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Gravel bike recommendations

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Gravel bike recommendations

Old 04-29-24, 01:33 PM
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Gravel bike recommendations

Back in 2016 I started biking at a little over 500lbs. I got down to 420. Last year got back to 450 after some major life changes, and lost 100lbs between April of last year and now. I'm down to 350 and currently ride a specialized roll 2020 that I had custom wheels made for to support the weight when I was 450. I'm making the push to get down to 300 before the end of the year and am looking to drop between 2-3k on a gravel bike when I get there.

I have a hard budget cutoff of $3500 USD.

I've been doing a lot of research. So far as far as I've found the contenders are;
Trek Checkpoint 5
Giant revolt advanced 2.0
Canyon Grail or Grizl

Anyone have any thoughts / recommendations? I'd love to buy local due to being able to get a proper test ride and such in. But the value for money of direct to consumer Canyons is very attractive.

I plan to mostly ride a mix of dirt trails, paved trails and gravel trails. I have a one bike mentality. Also am looking forward to be able to put my 650b rims on if I want to (currently use them for paved).
.
Anyway I'm rambling now. Any recommendations are welcome. Additionally as far as canyon bikes, there are a lot of models in my price range. Curious what I'm actually getting if I spend higher and if you guys think it's worth it for having front suspension for instance over rigid.
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Old 04-29-24, 01:44 PM
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IMO, you can't really go wrong with any of those choices (my personal choice would be the Trek, but they are subjective reasons that might not be applicable to anyone else). A higher price point will get you better quality components and wheels, and will be lighter weight. However, I would guess that durability is going to be a more important factor for you than shaving off a couple lbs of bike weight.
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Old 04-29-24, 01:48 PM
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Originally Posted by Eric F
IMO, you can't really go wrong with any of those choices (my personal choice would be the Trek, but they are subjective reasons that might not be applicable to anyone else). A higher price point will get you better quality components and wheels, and will be lighter weight. However, I would guess that durability is going to be a more important factor for you than shaving off a couple lbs of bike weight.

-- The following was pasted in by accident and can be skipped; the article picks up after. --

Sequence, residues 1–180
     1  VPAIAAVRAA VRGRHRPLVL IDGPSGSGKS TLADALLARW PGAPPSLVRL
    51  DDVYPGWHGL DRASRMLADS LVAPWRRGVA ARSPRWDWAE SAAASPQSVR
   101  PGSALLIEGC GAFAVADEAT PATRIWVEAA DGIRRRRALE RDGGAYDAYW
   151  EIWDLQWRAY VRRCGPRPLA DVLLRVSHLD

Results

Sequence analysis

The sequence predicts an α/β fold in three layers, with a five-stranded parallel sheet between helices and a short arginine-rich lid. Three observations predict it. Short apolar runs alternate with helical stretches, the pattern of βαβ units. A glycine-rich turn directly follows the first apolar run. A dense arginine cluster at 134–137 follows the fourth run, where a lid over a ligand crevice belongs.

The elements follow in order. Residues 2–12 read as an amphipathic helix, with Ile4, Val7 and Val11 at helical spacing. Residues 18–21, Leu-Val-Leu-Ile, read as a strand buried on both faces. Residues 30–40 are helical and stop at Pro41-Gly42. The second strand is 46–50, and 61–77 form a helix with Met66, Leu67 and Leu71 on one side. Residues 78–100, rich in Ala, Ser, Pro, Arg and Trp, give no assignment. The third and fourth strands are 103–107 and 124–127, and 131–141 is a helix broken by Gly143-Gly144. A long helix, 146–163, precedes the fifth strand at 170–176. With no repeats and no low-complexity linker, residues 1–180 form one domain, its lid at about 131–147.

That's kind of my thinking as well. Carbon parts aren't really attractive to me because they tend to have lower weight ratings. On the flip side though cracked carbon can often be repaired whereas alloy is just done for.
​​​​​​
​As someone that's not extremely well versed in bike mechanics it's difficult to tell if im paying for meaningfully higher performing components or weight reductions.
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Old 04-29-24, 01:59 PM
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Originally Posted by TheBlackPumpkin
That's kind of my thinking as well. Carbon parts aren't really attractive to me because they tend to have lower weight ratings. On the flip side though cracked carbon can often be repaired whereas alloy is just done for.
​​​​​​
​As someone that's not extremely well versed in bike mechanics it's difficult to tell if im paying for meaningfully higher performing components or weight reductions.
With the budget and brands you're talking about, they're all going to be good bikes, and perform pretty similarly. A more important consideration might be which one is going to come with the best local support if you have an issue, or help get the bike set up to suit your specific needs (sizing adjustments, etc.).
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